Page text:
22 October 2021

Walking Revisited

Stop the presses! Oh, Darn. Too late. The blog post said walking improved health and lowered the risk of death. But it didn’t say that moderate to vigorous exercise will do much more than walking for your fitness.

Welcome back. A month ago, I blogged about three studies that found walking was great with more steps generally associated with lower all-cause mortality (see Just Keep Walking). That seemed reasonable, but the studies also found no significant association between how fast one walks and mortality after adjusting for total steps per day.

All-cause mortality vs steps per day among U.S. adults age 40 or older (figure used in Just Keep Walking, from jamanetwork.com/journals/jama/fullarticle/2763292).

Though I expressed my surprise, I did find other studies that also reported any level of physical activity, regardless of intensity, was associated with a substantially lower risk of death.

Well, that was last month. In the meantime, news was released of another study that found moderate-vigorous physical activity boosts fitness three times more than walking.

Now that’s not surprising. Shall we look at that study?

Testing Physical Activity for Fitness
A team of investigators led by researchers with Boston and Harvard universities set out to better define the relationship between physical activity and physical fitness.

They enlisted 2,070 Framingham Heart Study participants (age 54 ± 9 years, split between men and women) to test how (1) moderate-vigorous physical activity (exercise), (2) low-moderate physical activity (steps/day walking) and (3) minimizing sedentary physical activity translate to cardiorespiratory fitness.

The participants wore accelerometers to measure the intensity and frequency of exercise, steps/day and sedentary times for two 8-day periods, 7.8 years apart. During the second period the participants’ cardiorespiratory fitness was assessed on a cycle ergometer with breath-by-breath gas exchange data obtained during four stages of exercise, initiation to recovery.

Activity levels and VO2 of 2,070 participants during second period; VO2 measured as milliliters of oxygen used in one minute per kilogram of body weight (from academic.oup.com/eurheartj/advance-article-abstract/doi/10.1093/eurheartj/ehab580/6357860).

Example of cycle ergometer measurement of VO2 (photo from www.endurancedave.com/post/whats-the-best-training-protocol-for-your-fastest-1-hour-cycling-effort).

The principal measure of cardiorespiratory fitness was peak oxygen uptake (VO2), which denotes the highest oxygen uptake reached during exercise to voluntary exhaustion.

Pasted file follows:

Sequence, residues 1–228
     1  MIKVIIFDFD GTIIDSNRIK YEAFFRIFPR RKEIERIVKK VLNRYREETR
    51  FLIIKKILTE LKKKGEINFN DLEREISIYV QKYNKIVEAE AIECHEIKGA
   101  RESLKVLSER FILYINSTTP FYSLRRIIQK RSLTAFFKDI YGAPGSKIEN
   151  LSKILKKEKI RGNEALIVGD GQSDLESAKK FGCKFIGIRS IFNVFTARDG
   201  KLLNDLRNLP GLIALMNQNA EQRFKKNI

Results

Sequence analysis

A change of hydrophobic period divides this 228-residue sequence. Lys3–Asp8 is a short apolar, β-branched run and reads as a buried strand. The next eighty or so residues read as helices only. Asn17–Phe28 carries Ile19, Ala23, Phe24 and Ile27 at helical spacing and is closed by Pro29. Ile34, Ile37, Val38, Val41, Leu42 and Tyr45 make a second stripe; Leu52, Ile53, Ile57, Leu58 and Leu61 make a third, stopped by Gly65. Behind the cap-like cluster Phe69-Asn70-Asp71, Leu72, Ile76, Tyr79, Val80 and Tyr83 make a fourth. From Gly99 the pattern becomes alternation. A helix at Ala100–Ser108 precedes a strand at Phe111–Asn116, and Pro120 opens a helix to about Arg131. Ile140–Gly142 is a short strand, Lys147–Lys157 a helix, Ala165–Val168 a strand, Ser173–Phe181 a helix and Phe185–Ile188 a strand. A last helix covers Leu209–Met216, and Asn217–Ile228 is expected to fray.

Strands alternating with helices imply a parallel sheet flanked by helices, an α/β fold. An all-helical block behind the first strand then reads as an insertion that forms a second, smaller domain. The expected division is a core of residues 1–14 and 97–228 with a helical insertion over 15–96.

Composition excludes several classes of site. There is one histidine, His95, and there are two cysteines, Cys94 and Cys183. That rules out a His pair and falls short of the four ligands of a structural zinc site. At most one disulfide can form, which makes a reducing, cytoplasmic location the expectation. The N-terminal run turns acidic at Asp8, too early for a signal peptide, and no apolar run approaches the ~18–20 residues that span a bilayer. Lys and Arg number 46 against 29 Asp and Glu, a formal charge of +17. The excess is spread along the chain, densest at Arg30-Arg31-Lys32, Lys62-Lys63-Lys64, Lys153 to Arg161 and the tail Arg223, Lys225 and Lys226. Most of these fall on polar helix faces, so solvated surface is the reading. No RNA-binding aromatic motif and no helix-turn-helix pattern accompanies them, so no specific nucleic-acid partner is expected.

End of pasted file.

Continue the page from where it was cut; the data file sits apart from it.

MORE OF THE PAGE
Principal Findings
Here are the three study results that I found most interesting:

To achieve the equivalent change in cardiorespiratory fitness, each minute increase in moderate-vigorous physical activity (exercise) would require at least 3 minutes of intermediate cadence walking and at least 14 minutes less sedentary activity. 

Activity levels and VO2 of 2,070 participants during second period (from academic.oup.com/eurheartj/advance-article-abstract/doi/10.1093/eurheartj/ehab580/6357860).
As you would expect, participants with either higher moderate-vigorous physical activity or higher steps/day had higher fitness levels. But this was regardless of how much time they spent sedentary. It appears that much of the negative effect that being sedentary has on fitness may be offset by higher levels of exercise and walking.

Participants with high activity values at one period and low activity values at the other, 7.8 years apart, had equivalent levels of fitness. There may be a “memory effect” of previous physical activity on current levels of fitness.

Wrap Up
The earlier studies reported that increased steps/day was associated with lower rates of mortality, though it tended to reach a limit.

In the recent study, increased steps/day was associated with higher fitness levels. The lead researcher noted there was no evidence of a threshold beyond which higher levels of activity were no longer associated with greater fitness.

Fitness isn’t mortality, but they’re sure related. If you’d like to improve your fitness, try increasing the level of exertion through exercise or by picking up the pace. (The study categorized 60-99 steps/minute as low-level exertion, 100-129 steps/minute as moderate and greater than 130 steps/minute as vigorous.)

Be well and thanks again for stopping by.

Study of physical activity and fitness in European Heart Journal: academic.oup.com/eurheartj/advance-article-abstract/doi/10.1093/eurheartj/ehab580/6357860
Article on study on EurekAlert! website: www.eurekalert.org/news-releases/929580
Cardiopulmonary exercise testing: www.massgeneral.org/medicine/pulmonary/treatments-and-services/cardiopulmonary-exercise-testing

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